I have following problem: I am trying to tweak the speed of a Math.sin function. Therefore I need a variable that incerements over time with a combination of a keyframed speed variable.

Sounds complicated, I know.

Let's say I am using the global time variable and convert it with the timeToFrames() function I get an integer value for each frame.

myTime = timeToFrames(time);

This leads me to a value of 1 for Frame 1, a value of 2 for Frame 2, and so on. But what if I want to manipulate the increment. For example:

//speed (gets tweened from a certain value range,for example: 10 - 1)
s = (some connected slider here)

myTime += s;

If I have a speed of 10 at Frame 1 I would get a value of 11. If I have a speed of 8 at Frame 2, I would expect a value of 11 + 2 + 8 = 21.

What I get is only 2 + 8;

So I need to store the value at every frame. Is this possible?

Please help.

  • You can calculate the value by creating a new variable var x = 10; or dynamic: var x = value and use the addition assignment operator += (x += 5), but this is just the shorthand of x = x + y.
    – p2or
    Sep 22, 2015 at 14:09
  • yeah thats what I am doing at the moment. The problem is, if I add 10 to x at frame 1 I get for example 11. On frame to it should automatically incremnt by 1 again + the value of my choice. But on frame 2 after effects already forgot about my 11 and it simply goes on wiht a value of 2 plus my variable. You know what I mean? Sep 22, 2015 at 14:12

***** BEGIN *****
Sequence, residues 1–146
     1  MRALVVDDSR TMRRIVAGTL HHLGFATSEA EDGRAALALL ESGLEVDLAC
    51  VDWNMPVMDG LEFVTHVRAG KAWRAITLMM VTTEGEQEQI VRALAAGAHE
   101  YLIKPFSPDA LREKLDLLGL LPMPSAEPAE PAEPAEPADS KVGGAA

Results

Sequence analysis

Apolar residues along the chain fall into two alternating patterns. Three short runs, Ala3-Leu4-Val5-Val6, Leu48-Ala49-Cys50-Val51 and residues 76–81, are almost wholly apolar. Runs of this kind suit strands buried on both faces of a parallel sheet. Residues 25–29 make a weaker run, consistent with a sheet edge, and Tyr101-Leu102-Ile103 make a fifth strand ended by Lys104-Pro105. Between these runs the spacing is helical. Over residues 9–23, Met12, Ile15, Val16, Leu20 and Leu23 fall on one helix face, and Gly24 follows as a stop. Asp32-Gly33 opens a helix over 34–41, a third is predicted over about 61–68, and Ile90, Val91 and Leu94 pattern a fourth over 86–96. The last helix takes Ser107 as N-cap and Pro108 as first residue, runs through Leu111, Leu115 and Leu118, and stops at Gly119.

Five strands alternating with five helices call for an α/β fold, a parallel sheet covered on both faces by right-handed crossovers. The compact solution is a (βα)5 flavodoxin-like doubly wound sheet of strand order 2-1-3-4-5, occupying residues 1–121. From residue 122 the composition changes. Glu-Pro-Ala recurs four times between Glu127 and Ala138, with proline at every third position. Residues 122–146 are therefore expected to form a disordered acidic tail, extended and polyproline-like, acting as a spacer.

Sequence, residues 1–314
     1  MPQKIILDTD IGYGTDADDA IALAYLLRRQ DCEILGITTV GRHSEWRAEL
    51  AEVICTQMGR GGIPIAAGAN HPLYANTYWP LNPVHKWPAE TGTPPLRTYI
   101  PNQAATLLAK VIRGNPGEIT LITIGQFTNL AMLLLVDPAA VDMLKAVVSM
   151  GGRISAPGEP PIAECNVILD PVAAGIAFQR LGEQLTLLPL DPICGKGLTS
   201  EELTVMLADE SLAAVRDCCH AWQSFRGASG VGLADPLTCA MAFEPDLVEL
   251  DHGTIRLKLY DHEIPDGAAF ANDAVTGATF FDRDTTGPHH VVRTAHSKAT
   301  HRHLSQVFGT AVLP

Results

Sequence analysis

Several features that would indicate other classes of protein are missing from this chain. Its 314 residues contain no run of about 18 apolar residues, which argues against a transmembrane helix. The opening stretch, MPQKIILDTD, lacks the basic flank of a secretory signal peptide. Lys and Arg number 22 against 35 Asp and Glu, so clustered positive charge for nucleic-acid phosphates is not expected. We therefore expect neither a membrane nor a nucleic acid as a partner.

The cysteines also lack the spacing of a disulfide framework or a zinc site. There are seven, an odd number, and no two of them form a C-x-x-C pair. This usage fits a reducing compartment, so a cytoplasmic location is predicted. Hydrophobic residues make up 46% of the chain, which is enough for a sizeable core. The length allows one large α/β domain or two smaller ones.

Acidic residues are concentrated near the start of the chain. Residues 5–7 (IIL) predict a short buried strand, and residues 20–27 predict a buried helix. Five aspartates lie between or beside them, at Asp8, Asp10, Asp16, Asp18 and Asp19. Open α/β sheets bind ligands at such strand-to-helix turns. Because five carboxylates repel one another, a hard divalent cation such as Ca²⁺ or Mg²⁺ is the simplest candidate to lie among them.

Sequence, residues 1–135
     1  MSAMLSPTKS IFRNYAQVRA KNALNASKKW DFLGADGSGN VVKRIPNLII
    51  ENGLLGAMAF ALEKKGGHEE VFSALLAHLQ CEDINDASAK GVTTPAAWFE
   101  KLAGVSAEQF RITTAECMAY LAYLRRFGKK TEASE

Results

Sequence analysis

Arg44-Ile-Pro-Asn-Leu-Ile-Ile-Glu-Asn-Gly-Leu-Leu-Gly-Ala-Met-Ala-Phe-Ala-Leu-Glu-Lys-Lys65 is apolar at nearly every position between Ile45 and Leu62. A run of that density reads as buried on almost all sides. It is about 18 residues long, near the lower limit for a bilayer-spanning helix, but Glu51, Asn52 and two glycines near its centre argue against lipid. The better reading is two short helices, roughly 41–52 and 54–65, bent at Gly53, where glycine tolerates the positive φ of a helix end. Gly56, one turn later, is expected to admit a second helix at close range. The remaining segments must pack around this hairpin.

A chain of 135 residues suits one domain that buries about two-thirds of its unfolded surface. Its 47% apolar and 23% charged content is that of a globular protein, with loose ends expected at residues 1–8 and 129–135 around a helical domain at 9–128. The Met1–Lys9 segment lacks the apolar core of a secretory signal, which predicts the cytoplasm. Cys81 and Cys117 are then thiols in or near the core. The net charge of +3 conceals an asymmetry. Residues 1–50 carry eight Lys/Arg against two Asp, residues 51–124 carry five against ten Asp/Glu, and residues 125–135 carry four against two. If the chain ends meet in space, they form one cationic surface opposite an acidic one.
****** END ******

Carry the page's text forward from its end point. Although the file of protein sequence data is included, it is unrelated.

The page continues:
• Can't test it at the moment... but what about creating an additional var lastframe = yourCalcValue; or calculate both values from the current and the last frame at once?
    – p2or
    Sep 22, 2015 at 14:22
  • @poor sounds interesting Sep 22, 2015 at 14:23

1 Answer 1


You can loop over the range of frames from the start of the comp to the present and calculate the value along the way.

function myFuncf(theTime){
 //whatever the function you're using to create the value, e.g.
 t=theTime + s.valueAtTime(theTime); //s is the slider
 return t

firstFrame = timeToFrames(inPoint); //if you want it to calculate
                                    //from the beginning of the comp
                                    //change this to 0, or maybe 1?
                                    //I'd check but I'm rendering ATM

mytime=0; //initialise the mytime variable

currentFrame = timeToFrames(time);
for (int i=firstFrame; i <= currentFrame; i++){
  mytime += myFunc(framesToTime(i)); //need to convert frames back into seconds

after the loop myTime should be the sum of the results of function myFunc from all the previous frames up to and including the present one (I'm not 100% sure if the loop should end when i < cf or i <= cf, you might want to test).

note first time I posted this there was a mistake. Where I called the function I was giving it frames (from i the loop variable), but it uses valueAtTime which expects time in seconds, so you need to convert: mytime += myFunc(framesToTime(i));

If you have a long comp or this is applied to lots of layers, this expression may become slow to evaluate and cause lagginess. If it becomes a problem convert the expression to keyframes.

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